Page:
Kawasaki is still developing the horizontal-cylinder engine, this time filing patents for a 90° cylinder as opposed to the 60° cylinder that we wrote about last year. This revision adds a stacked gearbox, which adds increased swingarm length to the long list of benefits such an arrangement would bring.
Performance advantages of this engine layout include reduced weight and
reduced size thanks to combining the block with the transmission
housing, increased stability thanks to the gyroscopic effect of the
crankshaft being moved closer to that CG and increased perceived
smoothness because of the change in prevailing vibration angle. There’s
also advantages to the intake system thanks to a simplified route for
pressurized air. The decreased overall height of the engine allows a
so-equipped bike to be radically repackaged, the center of gravity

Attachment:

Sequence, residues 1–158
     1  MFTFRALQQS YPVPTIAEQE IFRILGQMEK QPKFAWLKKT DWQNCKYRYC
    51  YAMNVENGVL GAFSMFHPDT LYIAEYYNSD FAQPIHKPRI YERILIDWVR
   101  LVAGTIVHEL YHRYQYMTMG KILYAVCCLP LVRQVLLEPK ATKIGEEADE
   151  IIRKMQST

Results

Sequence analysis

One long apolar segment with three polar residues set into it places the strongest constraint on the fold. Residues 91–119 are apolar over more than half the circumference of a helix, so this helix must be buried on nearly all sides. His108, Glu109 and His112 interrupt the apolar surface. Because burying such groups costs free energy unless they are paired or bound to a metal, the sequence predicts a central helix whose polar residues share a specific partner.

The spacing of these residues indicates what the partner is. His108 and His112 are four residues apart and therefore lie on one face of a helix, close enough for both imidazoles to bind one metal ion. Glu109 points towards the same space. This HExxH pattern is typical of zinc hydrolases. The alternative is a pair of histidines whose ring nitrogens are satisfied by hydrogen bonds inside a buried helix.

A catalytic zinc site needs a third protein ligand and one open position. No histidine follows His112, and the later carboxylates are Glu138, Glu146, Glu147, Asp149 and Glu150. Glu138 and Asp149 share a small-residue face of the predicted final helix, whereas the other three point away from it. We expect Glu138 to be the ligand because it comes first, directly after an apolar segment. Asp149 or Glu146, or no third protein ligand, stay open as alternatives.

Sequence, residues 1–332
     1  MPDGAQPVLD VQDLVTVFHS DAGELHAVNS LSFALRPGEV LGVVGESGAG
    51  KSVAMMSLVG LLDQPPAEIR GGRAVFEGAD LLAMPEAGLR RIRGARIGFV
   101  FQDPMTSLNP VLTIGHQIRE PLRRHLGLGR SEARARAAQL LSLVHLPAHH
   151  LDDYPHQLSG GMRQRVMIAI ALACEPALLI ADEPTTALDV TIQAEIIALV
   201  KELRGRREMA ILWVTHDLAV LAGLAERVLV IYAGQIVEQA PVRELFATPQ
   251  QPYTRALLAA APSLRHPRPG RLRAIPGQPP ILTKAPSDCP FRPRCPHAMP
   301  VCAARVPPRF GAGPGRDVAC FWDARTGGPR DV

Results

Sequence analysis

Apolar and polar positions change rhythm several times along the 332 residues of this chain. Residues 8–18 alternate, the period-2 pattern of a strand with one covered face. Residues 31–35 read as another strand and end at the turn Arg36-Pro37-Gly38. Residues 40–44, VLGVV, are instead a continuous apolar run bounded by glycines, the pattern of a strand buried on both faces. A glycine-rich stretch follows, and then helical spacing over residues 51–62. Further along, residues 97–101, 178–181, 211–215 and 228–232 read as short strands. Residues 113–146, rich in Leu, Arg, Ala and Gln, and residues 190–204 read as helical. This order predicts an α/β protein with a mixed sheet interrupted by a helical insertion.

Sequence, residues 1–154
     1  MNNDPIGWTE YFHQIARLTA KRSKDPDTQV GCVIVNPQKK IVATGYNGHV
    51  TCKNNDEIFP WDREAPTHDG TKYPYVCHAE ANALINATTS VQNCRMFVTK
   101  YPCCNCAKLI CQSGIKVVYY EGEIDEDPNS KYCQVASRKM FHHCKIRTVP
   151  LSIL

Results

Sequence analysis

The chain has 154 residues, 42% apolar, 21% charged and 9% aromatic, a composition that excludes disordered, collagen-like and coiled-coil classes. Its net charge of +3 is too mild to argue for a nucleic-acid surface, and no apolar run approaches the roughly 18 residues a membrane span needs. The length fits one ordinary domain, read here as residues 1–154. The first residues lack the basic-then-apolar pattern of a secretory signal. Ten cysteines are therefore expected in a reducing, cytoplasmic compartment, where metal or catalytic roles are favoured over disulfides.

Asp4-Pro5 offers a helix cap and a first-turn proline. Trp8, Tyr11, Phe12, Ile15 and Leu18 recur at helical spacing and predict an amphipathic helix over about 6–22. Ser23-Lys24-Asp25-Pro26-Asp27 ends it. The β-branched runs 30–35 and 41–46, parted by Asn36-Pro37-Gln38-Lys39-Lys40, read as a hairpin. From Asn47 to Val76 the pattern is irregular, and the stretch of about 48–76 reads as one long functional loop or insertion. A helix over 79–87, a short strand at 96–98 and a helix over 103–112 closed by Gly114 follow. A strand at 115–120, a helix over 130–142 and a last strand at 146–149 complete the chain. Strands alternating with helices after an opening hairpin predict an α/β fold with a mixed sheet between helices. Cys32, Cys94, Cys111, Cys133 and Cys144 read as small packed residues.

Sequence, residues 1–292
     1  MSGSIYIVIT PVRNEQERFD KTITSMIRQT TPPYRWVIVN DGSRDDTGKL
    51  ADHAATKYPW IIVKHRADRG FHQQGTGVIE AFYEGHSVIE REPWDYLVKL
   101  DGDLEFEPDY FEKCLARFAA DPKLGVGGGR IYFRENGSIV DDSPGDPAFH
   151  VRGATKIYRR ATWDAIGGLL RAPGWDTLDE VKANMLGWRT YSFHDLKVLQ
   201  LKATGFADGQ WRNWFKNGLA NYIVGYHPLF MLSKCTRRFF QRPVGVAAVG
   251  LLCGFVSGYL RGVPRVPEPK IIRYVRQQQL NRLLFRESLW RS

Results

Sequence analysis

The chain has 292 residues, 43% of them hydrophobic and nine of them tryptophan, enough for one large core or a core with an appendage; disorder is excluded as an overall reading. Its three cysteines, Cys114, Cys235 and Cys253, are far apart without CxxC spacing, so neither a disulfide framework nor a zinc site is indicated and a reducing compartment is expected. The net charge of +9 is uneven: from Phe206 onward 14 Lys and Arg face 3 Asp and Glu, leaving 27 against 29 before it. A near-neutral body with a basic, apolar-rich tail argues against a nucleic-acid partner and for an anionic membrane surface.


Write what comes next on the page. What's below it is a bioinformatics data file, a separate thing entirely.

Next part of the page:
could either be lowered or raised depending on which handling
characteristics were appropriate for the machine in question.
The horizontal-cylinder engine is already used in bikes like the
Husaberg FS 570 Supermoto, where it reduces the tendency for the
motorcycle to upright itself under power and increases the ground
clearance in addition to allowing for a straighter path between airbox
and cylinder. This setup differs from the reversed-cylinder engine of
the 2010 Yamaha YZ450F in that the exhaust and inlet ports are still
conventionally located on the front and rear of the engine.
In the past, Kawasaki has patented the horizontal-cylinder engine for
use in a variety of machines — ranging from quads, to dirt bikes to
supersports — meaning it could be looking to employ such an arrangement
across its model range, lending its products a clear mechanical
differentiation from their too-similar Japanese competition.
Image via MCN